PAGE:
“However, during execution, these projects encountered some challenges which led to delays and an increased cost of over $3.8 billion and $921m respectively as at December, 2015 and an additional $79m and about $921m incurred upon full completion resulting in the expenditure of about $175m and $170m respectively,” he said.
Similarly, the contract for the execution of the Obite-Ubeta-Rumuji (OUR) pipeline project in 2010 was awarded to Zahem/Baywood Consortium as the major contractor at the carrying cost of $269million, $293 million and $469million.
Members however, posited that the reason for the variations was because the contractor engaged by Total was incompetent resulting in the extra cost.
But the Total representative said that they had a duty to comply with the local content act and that they were told there were 14 communities which in reality were 74 communities.
The Chairman of the Committee said though the parliament made the law, it did not say that the contractor should be employed as a learning curve, adding that the cost is too staggering to be ignored.
At this point, the panel demanded that both NNPC and Total produce the board’s resolution on the contracts before it was awarded to ensure they comply with procurement laws.
Other requirements include, love of adherence to section 21 of the procurement Act which provides for the constitution of a Procurement Planning Committee, with staff from both sides of the divide deciding the mode of procurement.
Also demanded are the market survey, financial bid evaluation with emphasis on inflation and variation variables, as well as financial and technical bid analysis.
Panel also asked for financial updates on payment, status reports on the projects, saying that the motion’s primary concern dwells on the procurement process.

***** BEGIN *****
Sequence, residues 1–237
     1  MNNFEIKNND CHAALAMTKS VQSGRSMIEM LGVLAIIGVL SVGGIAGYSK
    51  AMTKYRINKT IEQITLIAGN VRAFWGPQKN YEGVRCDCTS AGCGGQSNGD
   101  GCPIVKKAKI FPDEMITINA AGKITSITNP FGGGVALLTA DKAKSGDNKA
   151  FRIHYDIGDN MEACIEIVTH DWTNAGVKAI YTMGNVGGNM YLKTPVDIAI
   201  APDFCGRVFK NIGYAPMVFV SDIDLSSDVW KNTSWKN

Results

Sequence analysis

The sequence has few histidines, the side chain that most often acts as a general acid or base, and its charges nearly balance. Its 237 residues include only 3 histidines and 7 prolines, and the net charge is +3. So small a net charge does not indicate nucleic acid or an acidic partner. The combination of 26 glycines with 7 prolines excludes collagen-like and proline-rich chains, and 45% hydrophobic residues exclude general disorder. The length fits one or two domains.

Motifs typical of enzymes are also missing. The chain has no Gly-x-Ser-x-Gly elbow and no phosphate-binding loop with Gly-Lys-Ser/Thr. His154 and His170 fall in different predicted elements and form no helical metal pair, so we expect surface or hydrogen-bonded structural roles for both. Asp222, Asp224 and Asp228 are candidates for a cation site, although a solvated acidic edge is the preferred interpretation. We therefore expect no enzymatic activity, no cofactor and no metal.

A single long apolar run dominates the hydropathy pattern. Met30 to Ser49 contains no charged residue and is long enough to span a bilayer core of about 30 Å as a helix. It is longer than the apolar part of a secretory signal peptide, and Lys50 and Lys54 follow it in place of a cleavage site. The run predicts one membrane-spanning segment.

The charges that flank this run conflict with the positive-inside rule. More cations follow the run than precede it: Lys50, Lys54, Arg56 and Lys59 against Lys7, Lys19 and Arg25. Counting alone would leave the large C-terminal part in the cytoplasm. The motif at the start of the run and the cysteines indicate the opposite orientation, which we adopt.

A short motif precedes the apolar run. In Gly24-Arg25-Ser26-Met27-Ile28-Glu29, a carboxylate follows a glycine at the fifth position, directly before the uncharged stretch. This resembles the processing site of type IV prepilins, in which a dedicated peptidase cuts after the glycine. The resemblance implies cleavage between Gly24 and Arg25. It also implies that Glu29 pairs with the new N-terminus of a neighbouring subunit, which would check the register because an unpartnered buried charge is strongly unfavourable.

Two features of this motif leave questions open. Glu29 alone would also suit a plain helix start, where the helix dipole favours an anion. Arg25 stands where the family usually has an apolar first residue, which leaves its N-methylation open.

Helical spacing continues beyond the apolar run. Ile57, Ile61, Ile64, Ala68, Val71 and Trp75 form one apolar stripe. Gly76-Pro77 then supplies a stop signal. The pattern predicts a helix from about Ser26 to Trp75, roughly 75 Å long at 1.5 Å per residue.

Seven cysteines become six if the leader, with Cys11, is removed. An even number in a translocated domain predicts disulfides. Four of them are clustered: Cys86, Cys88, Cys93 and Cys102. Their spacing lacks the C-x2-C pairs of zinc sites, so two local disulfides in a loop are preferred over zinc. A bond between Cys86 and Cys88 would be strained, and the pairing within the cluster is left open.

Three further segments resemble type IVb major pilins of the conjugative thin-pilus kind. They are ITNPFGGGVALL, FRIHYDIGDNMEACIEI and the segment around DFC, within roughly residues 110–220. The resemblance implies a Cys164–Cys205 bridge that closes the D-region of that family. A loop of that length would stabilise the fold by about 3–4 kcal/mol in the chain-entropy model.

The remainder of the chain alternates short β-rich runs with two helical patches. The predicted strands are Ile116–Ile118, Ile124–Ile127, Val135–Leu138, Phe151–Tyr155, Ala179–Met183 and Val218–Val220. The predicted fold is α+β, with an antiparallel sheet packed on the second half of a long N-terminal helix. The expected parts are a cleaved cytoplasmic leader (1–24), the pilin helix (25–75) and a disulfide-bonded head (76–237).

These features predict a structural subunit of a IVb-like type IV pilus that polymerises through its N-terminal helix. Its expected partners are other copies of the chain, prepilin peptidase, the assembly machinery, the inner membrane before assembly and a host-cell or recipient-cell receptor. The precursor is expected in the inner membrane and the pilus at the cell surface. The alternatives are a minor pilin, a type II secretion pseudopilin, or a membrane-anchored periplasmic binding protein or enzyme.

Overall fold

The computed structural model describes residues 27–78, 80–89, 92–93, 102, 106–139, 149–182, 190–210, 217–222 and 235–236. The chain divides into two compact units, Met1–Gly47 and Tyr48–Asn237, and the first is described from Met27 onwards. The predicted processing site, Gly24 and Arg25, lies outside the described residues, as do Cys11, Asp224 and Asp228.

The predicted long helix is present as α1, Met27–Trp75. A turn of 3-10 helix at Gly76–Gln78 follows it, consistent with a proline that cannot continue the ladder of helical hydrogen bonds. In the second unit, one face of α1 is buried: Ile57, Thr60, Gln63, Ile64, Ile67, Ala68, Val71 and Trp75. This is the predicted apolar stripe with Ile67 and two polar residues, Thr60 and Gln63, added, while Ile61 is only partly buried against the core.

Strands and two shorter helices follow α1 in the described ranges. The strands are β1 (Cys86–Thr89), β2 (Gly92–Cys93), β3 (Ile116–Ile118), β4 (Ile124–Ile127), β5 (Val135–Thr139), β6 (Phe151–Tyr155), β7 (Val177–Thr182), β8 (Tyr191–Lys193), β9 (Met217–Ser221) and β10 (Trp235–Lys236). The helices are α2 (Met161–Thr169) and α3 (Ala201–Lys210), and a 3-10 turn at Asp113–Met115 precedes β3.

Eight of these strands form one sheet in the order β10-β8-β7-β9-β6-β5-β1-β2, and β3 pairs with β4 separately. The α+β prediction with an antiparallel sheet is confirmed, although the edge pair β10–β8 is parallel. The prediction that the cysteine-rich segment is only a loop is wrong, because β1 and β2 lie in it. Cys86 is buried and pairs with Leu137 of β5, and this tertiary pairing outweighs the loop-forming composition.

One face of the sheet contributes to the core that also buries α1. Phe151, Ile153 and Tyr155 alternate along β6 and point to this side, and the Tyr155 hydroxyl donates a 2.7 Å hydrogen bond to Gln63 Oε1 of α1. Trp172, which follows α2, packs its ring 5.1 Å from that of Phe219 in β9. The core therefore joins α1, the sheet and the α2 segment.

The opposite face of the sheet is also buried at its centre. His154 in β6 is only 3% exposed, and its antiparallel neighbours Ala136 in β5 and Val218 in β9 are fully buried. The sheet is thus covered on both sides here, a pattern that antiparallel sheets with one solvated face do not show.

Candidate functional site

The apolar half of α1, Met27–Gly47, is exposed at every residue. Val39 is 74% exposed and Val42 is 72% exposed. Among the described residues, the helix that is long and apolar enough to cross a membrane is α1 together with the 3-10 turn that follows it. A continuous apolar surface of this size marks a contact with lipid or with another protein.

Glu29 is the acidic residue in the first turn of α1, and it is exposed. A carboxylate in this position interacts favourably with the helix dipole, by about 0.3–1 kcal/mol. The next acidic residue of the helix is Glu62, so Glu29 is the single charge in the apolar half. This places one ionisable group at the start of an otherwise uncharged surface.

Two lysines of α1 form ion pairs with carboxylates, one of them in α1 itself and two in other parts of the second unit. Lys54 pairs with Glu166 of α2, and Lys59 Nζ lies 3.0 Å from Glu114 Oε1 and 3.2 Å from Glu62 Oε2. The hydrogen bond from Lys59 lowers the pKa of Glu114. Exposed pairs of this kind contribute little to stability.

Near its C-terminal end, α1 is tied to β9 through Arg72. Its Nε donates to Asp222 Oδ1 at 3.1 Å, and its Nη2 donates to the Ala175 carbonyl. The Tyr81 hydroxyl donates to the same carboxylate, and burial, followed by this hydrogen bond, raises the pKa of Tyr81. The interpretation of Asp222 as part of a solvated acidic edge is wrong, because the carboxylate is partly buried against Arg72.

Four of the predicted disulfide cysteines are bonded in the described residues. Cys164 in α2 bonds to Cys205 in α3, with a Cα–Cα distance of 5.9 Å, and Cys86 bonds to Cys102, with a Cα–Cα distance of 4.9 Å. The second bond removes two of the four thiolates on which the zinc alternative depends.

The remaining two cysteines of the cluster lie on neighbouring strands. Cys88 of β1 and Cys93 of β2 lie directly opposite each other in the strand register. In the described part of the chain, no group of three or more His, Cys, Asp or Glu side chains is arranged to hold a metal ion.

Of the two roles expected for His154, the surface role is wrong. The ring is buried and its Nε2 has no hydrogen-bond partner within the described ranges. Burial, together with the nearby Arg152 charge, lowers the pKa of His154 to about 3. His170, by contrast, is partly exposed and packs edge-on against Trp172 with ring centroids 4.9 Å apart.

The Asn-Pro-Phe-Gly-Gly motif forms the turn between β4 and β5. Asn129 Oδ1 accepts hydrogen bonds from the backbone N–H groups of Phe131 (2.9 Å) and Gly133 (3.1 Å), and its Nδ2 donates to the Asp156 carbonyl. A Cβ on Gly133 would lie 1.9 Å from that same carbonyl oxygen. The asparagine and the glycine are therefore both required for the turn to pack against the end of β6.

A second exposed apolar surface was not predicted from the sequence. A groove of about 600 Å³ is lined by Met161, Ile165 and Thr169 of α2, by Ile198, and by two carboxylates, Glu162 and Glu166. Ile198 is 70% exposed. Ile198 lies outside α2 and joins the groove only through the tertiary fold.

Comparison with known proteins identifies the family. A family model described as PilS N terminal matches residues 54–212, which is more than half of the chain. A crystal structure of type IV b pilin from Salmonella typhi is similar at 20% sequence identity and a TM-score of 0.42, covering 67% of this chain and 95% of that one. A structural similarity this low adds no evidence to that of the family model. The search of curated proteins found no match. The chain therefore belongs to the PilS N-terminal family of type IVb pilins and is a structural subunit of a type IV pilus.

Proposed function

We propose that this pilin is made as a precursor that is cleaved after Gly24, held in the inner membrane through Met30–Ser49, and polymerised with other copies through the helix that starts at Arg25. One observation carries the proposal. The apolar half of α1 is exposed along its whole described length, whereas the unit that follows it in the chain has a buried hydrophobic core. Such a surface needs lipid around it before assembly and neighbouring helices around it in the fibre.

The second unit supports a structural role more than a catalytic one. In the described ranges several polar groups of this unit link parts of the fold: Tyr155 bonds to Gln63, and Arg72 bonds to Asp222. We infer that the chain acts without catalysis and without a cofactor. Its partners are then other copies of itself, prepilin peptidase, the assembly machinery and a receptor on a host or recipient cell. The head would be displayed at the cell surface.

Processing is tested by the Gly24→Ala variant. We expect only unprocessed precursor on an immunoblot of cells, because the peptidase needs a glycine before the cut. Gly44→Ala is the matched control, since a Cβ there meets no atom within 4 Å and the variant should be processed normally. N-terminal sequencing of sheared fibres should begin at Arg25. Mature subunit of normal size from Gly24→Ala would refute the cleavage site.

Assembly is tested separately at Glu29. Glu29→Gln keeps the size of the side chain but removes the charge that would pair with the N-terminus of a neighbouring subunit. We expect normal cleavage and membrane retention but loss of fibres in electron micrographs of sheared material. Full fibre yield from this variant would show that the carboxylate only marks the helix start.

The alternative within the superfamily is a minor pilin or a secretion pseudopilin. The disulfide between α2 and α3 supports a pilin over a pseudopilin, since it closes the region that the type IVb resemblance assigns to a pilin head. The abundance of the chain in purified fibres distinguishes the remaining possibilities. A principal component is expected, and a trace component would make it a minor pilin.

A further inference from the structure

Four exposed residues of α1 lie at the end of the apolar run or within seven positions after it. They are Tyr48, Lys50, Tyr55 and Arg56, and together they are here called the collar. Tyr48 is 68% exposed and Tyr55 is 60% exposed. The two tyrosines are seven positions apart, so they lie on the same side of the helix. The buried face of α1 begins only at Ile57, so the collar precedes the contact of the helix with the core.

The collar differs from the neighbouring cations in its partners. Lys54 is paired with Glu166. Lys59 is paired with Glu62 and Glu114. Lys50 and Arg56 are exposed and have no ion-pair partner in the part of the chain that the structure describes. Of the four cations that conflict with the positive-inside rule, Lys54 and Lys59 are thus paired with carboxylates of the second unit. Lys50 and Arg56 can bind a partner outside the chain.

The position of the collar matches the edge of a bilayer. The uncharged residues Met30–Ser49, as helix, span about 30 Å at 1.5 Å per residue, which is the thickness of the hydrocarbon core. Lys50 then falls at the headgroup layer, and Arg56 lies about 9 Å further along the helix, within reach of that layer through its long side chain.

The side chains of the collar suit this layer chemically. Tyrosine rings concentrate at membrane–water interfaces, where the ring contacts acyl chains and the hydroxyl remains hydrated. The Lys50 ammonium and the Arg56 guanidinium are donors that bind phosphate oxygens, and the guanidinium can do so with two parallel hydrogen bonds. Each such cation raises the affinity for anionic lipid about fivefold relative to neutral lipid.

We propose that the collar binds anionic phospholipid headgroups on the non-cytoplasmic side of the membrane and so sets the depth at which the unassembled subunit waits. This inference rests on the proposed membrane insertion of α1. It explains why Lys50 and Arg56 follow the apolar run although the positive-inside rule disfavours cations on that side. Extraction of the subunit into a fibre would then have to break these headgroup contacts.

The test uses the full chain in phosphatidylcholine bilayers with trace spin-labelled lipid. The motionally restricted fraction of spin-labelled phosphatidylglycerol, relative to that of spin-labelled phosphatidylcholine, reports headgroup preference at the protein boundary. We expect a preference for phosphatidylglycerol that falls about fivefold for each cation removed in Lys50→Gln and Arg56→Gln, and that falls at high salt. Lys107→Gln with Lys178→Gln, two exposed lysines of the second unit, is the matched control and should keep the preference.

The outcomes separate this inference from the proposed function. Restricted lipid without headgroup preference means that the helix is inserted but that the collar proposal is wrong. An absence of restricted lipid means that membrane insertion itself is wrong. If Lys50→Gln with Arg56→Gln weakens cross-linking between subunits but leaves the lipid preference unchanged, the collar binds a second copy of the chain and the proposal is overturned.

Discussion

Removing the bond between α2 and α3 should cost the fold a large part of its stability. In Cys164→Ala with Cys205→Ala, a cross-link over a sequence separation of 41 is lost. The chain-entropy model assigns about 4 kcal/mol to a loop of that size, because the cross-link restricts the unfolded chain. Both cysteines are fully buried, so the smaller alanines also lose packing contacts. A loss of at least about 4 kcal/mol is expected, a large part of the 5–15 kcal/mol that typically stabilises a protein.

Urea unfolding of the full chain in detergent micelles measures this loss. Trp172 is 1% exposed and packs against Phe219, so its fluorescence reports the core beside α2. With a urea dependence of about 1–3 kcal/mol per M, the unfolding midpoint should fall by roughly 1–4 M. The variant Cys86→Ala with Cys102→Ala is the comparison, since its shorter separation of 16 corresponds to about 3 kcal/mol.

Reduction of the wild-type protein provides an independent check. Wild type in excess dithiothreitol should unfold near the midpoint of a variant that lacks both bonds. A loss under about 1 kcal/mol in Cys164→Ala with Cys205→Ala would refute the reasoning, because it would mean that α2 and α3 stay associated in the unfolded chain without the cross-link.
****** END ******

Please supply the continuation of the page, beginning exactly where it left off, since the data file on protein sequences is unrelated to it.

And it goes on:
Additional information from The Nation.
Agusto Forecasts Nigeria’s Pension Assets to Grow to N14.8trn Amid Headwinds
By Adedapo Adesanya
Global research firm, Agusto & Co, has forecast that Nigeria’s pension assets will reach N14.8 trillion by the end of 2022.
This is as unpaid pension obligations by some employers, enrolees’ apathy toward the transfer of Pension Fund Administrators (PFAs), and the ability of industry operators to protect the value of pension funds in the face of deteriorating macroeconomic conditions, particularly a weakening exchange rate and soaring inflation, are at the heart of the industry’s current problems.
Agusto noted that in the last decade, the 628 per cent surge in the size of pension fund assets to N14.27 trillion is indicative of the industry’s growth and evolution following legislative support provided by the Pension Reform Act (PRA) 2004 and the amendment in 2014.
However, the rising rates of emigration and unemployment in the last five years have slowed down the growth rate in pension contributions. If individuals who fall within these groups, who are eligible to access a 25 per cent lump sum of their pension assets, exercise the withdrawal option, it could cause the growth of assets under management (AuM) to stagnate.